Island Ecosystems In Peril Due To Sea Level Rise
November 14, 2013

Islands At Risk: Sea Level Rise Threatens Island Ecosystems

Alan McStravick for - Your Universe Online

Before he was deposed as president of the island nation of the Maldives last year, Mohamed Nasheed was a fierce advocate and proponent for addressing the seemingly inevitable environmental crisis coming about as a result of global sea level rise. President Nasheed and his efforts were chronicled in the 2011 documentary ‘The Island President.’

In addition to the threat of sea level rise, we were reminded this past weekend about the detrimental effect global warming plays in generating super storms when Super Typhoon Haiyan ravaged entire swaths of islands that comprise the nation of the Philippines.

[ Watch the Video: Super-Typhoon Haiyan Seen From International Space Station ]

In an article for the Mother Nature Network, Sebastian Rhodes Stampa, the head of a United Nations disaster assessment team that arrived in the area on Saturday, said, "The last time I saw something of this scale was in the aftermath of the Indian Ocean tsunami.” He continued, "This is destruction on a massive scale. There are cars thrown like tumbleweed."

Research by C. Bellard, C. Leclerc and F. Courchamp of the University of Paris Sud examines how a rise in sea level is sure to bring catastrophe to the island habitats of the globe. As islands are submerged, the Earth can expect to lose a full 20 percent of the world’s biodiversity. In their study, they look at 3 possible scenarios ranging from optimistic to very pessimistic outcomes. They offer their work in the hope it will sound the alarm for the potential dangers we might expect from the worst of the scenarios. The study was published in the open access journal Nature Conservation.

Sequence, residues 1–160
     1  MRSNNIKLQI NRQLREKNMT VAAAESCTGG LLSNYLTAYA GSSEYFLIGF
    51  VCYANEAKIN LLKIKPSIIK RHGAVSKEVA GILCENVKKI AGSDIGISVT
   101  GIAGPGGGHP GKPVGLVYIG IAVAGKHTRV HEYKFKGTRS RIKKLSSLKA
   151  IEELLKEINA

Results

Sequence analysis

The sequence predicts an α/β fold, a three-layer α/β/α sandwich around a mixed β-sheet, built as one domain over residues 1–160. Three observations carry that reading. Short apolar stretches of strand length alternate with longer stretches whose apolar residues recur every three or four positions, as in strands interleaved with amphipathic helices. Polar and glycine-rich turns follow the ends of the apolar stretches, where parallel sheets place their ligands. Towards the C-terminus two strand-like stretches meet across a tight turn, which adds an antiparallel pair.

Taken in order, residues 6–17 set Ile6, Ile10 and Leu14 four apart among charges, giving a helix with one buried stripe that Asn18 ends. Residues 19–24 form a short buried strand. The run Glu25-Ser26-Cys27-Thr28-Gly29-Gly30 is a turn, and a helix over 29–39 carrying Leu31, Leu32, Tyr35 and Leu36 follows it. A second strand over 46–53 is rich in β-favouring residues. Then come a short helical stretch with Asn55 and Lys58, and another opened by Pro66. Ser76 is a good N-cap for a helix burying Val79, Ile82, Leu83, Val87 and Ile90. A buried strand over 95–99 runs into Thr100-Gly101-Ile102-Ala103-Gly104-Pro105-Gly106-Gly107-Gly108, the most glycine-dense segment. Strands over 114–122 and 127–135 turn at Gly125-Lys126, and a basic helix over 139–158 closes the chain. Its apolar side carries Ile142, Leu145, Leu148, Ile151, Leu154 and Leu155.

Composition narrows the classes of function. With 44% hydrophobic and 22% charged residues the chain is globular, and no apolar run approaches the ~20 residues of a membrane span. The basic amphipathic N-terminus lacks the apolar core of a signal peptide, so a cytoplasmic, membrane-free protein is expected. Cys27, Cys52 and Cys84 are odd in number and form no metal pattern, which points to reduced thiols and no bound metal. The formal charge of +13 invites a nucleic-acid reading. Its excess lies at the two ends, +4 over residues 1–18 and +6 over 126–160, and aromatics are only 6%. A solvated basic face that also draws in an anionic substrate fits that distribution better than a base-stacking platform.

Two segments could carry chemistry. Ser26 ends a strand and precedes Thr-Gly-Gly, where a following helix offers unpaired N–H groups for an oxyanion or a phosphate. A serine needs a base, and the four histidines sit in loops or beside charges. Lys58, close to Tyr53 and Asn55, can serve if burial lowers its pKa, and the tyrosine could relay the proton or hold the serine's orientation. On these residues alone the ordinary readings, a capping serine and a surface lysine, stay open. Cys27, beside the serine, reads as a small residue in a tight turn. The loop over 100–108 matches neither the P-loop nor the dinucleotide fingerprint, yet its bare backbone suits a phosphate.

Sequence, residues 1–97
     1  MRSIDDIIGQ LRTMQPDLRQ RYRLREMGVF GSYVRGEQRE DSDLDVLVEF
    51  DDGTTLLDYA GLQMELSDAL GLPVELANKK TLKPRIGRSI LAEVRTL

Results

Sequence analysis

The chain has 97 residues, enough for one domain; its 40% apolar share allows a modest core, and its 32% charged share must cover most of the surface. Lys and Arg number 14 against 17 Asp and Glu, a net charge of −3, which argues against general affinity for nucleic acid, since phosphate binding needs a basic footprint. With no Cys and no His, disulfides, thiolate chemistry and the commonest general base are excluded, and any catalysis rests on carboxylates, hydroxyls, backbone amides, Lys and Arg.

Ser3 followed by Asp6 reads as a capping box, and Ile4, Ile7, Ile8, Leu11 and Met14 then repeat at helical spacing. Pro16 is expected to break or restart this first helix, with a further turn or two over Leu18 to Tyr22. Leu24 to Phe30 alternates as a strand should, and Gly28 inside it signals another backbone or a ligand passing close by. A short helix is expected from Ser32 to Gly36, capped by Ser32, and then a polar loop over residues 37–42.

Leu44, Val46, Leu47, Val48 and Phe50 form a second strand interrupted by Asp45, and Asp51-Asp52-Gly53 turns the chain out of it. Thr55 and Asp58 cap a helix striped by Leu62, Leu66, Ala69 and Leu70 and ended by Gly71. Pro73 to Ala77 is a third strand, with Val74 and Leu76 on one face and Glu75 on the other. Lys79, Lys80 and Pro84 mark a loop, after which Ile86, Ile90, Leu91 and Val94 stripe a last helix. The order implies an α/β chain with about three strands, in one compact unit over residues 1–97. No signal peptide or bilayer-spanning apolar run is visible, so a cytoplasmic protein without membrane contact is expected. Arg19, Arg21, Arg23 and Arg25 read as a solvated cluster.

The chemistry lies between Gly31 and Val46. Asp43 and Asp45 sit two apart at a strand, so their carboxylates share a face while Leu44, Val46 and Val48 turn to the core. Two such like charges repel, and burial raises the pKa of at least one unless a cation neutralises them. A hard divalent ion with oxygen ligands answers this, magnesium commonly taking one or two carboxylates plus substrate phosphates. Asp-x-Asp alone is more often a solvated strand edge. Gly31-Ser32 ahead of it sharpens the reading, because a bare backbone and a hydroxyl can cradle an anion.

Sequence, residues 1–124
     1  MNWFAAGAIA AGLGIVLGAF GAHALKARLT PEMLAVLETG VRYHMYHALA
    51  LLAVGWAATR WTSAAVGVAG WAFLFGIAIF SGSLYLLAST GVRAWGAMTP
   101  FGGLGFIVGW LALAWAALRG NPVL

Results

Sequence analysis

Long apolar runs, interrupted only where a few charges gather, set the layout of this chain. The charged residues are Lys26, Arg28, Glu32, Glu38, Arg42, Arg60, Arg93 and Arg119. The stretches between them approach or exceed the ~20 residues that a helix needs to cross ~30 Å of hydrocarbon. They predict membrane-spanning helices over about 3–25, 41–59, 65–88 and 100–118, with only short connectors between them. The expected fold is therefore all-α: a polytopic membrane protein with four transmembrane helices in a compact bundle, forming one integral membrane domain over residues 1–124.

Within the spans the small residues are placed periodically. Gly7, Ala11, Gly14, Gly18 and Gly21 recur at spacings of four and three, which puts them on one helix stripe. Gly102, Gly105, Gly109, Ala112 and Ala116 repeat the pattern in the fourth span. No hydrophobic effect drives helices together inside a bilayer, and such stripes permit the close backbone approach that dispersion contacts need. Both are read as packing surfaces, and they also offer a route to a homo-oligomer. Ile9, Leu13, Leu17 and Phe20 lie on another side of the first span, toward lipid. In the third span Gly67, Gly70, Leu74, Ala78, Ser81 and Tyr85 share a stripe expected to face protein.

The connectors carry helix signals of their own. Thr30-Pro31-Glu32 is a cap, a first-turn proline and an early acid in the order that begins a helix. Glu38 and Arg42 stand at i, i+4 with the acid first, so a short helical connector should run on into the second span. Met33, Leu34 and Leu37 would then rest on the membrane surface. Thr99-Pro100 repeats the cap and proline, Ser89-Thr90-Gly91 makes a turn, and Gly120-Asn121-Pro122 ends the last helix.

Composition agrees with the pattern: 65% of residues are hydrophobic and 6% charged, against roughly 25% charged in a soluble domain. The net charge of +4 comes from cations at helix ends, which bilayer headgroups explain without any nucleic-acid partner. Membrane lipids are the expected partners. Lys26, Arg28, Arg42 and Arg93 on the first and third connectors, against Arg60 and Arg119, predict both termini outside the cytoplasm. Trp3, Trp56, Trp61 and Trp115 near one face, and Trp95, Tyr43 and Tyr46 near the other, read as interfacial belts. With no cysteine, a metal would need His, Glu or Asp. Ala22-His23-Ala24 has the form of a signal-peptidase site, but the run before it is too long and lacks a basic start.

To date, there has been no global assessment of sea level rise and its consequences on the world’s island ecosystems. These vulnerable regions would no doubt experience a near total reduction in habitat, leading to monumental loss of life and creating a refugee class unlike any the world has ever known.

The French researchers focused their study on 1,269 islands that were harbored originally by France. With sea level rise projections estimated anywhere from 18 inches to 18 feet by the end of the century, the islands of New Caledonia and French Polynesia were found to be the most vulnerable ecosystems.

For the more pessimistic scenario, the team claims 8 to 11 percent of the 1,269 islands they evaluated would be completely submerged, taking under the water the self-contained ecosystems they harbor and their inhabitants. The French maritime domain is ranked as the second most important in the world. These islands hold a significant proportion of the world’s biodiversity.

Extrapolating the studied islands to represent the rest of the world’s islands, the team estimates that roughly 10,800 islands would disappear beneath the surface should we experience only the rosiest prediction of an approximate 3 foot sea level rise. Of particular concern is the loss of already threatened biodiversity in many of these habitats.

"Losses of insular habitats will thus be relatively important in the future, probably leading to a major impoverishment of insular biodiversity. Given the implications of these results, decision makers are required to define island conservation priorities that accounts for sea level rise following climate change," comments the author Bellard.

Even in exile, President Nasheed has continued his crusade to alert the world of the situation faced by his beloved homeland.